INDIANAPOLIS -- The first day of the new-look NFL combine (the league rearranged the setup to an older format, which is maybe only something interesting to people on the ground here) was largely dominated by the new-look league year (the combine was pushed back a week, plopping the initial rumblings of free agency squarely in this timeframe), with franchise tags being a hot topic in Indy as a large group of coaches and general managers spoke to throngs of media members.

There wasn’t any prospect action, so for now we’ll focus our winners and losers -- and it’s just a name, everyone is a winner, don’t be mad -- largely on a group of people who are already in the league. 

But there were very much a group of people who benefited from the action Wednesday, with franchise tags officially announced prior to Wednesday’s 4 p.m. ET deadline and a few surprises occurring. 

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Alshon Jeffery: The Bears wide receiver didn’t get tagged on Wednesday, which means he’s about to hit free agency. And it means he’s about to cash in. Jeffery has issues off the field (a PED suspension in 2016) and has been injured during the last two seasons. But he’s still a young, physical receiver with immense talent. He is going to get (over)paid by someone in free agency. Getting guaranteed money this year would be great, but hitting the market now is a major boon to his bank account.

Nick Perry: Perry might make even more money. There are many pass rushers available in this draft, but there isn’t a whole lot of availability for guys on the open market thanks to Chandler Jones, Jason Pierre-Paul and Melvin Ingram all getting the franchise tag (full list here). Perry is a 26-year-old pass rusher who started 12 games last season and recorded 11 sacks. His market is going to be enormous, and he is probably going to get north of $10 million a year. 

Forrest Lamp: There is a very weird obsession with the length of certain body parts in the NFL, and for teams interested in drafting offensive linemen, arm length is a big deal. You can’t be holding off blockers with tiny little T-Rex arms. Lamp, a hot prospect at guard who is probably going to go in the first round, just made himself some real cash by somehow making his arms an inch longer between the Senior Bowl and the combine.

Who knows how (Inspector Gadget therapy treatment?) or why the magical Lamp’s arm grew in the past few weeks, but it’s irrelevant, because he is now over the magic number of 32. He’s going to get drafted early.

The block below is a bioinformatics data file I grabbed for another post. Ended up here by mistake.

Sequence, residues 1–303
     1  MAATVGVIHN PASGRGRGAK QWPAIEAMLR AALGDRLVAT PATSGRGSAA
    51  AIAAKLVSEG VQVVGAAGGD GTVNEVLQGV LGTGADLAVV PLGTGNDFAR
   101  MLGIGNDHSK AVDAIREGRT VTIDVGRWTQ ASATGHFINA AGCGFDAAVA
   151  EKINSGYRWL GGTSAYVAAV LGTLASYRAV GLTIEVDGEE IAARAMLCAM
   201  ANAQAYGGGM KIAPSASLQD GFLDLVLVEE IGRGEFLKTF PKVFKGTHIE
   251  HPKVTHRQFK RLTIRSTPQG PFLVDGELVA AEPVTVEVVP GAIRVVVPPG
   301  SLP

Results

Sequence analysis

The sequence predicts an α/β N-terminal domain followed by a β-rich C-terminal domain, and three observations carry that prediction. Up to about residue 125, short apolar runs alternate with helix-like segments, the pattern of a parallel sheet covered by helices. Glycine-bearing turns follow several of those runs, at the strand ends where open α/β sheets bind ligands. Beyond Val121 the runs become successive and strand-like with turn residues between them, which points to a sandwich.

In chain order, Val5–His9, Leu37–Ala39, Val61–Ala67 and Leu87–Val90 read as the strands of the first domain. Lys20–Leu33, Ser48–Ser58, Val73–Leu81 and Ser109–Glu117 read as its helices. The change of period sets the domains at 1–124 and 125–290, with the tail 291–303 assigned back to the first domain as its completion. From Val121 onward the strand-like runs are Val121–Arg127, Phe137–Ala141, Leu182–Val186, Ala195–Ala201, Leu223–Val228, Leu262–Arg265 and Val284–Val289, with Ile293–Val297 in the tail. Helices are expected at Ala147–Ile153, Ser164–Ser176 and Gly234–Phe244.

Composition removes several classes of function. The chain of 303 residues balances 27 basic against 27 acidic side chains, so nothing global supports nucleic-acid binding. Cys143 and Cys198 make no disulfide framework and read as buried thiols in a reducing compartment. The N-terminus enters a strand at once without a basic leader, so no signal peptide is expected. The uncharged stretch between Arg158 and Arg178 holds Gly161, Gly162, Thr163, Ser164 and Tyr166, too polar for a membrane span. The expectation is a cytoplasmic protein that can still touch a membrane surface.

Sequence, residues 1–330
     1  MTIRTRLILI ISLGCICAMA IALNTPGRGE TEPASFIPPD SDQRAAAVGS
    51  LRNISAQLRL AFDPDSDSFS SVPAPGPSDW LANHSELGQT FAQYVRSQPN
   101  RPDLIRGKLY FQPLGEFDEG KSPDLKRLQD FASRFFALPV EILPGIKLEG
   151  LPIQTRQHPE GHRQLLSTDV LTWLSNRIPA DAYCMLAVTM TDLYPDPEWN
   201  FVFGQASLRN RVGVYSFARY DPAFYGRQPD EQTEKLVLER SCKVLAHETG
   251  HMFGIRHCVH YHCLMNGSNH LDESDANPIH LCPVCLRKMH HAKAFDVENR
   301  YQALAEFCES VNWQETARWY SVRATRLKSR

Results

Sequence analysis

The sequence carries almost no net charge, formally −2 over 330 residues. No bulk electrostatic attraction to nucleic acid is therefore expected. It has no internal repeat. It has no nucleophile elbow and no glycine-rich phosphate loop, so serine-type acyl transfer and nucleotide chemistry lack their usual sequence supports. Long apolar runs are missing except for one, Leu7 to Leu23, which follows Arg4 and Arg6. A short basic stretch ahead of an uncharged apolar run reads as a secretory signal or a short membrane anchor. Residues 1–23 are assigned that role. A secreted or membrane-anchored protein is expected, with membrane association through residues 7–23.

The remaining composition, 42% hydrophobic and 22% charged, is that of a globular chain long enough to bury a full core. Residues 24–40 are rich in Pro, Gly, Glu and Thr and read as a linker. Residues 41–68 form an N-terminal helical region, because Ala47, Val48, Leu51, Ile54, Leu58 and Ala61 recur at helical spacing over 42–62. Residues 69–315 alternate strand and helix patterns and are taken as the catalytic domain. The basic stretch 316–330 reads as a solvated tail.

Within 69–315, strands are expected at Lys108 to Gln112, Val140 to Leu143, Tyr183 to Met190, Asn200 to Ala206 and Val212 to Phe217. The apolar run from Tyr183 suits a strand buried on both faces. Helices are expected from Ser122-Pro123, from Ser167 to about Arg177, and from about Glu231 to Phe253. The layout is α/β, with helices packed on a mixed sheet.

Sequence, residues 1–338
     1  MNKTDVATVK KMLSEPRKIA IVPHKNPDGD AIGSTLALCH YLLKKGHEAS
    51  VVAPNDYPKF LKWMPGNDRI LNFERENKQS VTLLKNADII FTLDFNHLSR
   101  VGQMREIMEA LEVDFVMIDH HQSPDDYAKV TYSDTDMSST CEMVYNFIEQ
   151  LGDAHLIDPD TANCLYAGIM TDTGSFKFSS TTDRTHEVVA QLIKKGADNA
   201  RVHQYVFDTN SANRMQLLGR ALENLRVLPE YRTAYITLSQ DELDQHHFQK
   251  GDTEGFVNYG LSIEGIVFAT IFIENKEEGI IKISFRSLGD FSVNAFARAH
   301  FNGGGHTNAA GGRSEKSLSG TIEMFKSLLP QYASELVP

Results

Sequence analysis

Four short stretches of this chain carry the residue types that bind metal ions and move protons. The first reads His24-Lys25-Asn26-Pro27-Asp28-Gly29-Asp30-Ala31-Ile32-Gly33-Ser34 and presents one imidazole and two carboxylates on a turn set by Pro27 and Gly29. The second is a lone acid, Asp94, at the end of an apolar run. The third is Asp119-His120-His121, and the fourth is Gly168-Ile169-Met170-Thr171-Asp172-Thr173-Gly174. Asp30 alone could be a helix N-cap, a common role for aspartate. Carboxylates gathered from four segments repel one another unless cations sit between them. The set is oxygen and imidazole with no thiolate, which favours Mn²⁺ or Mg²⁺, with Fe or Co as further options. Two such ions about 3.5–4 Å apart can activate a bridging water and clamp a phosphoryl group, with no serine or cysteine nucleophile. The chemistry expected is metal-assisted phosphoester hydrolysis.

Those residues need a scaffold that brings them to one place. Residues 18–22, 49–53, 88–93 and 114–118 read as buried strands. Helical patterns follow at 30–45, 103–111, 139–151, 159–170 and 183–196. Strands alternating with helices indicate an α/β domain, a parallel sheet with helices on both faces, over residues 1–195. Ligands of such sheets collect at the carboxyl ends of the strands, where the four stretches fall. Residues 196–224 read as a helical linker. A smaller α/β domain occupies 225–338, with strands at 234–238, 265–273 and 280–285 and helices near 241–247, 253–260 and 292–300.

Trumaine Johnson: The Rams decided to place the franchise tag on Johnson again this year, rather than let him hit free agency, which means he’s now going to make more than $16 million this season. He’s a poor man’s Kirk Cousins, getting a chance to play on two fully guaranteed deals before hitting the market. He is the highest-paid cornerback in the league, which is remarkable considering where he stands in the “most-talented cornerback in the league” conversation. He also joined some rare company.


Paxton Lynch: The good news is that Vance Joseph said he believes that the Broncos are OK with Lynch and Trevor Siemian. The bad news is that Joseph also said he’s “not sure” that Lynch is ready to start. Maybe that’s just offseason motivational chatter, but it’s odd that he wouldn’t be pumping up his second-year quarterback, even if there isn’t a whole lot of work on which to base that assumption. The offseason is for optimism, and this was an odd take. It makes you think that, even if John Elway really wants to make sure that the Lynch pick (he was taken in the first round in 2016) ends up being a good one, Tony Romo is very much in play for Denver. 

Trade rumors: If the Browns, 49ers or Bears were hoping they could really start to put the framework of a Jimmy Garoppolo deal in place at the combine, they can think again. The rumors ran rampant Wednesday that the Patriots do not plan on trading Garoppolo. The good news is that even if the Patriots are leaking that, it absolutely does not put a kibosh on any chatter about Garoppolo. What makes more sense is that the Pats get this news out there over the last few weeks (we’ve seen multiple reports about Garoppolo not being traded) to create more demand for their backup quarterback, who is in short supply. Basic economics, really.

Colin Kaepernick: The 49ers quarterback is exercising his option to leave the 49ers, but where is he going? There aren’t many good starting quarterbacks, and there aren’t many great quarterbacks in the draft, but there will be teams hesitant to sign him for his off-field beliefs (whether that’s right or wrong is irrelevant; it’s true), and there will be teams hesitant to sign him because he hasn’t been great the last few years. There are also better options coming to this market, including Romo, Mike Glennon and Jay Cutler, to name a few. 

Leonard Fournette: The powerful running back out of LSU rolled right into the combine giving no bleeps about his size, having apparently put on five pounds since his playing days in Baton Rouge and weighing a robust 240 pounds. No one’s drafting him to be faster than everyone else, but giving up an early pick for a running back is a risky proposition, and it’s even riskier if the running back is adding pounds. We’ll see how he looks when he rolls in for media sessions and for the drills -- if it’s all muscle and he looks just as fast as before, he would flip right back over to the other side of this piece.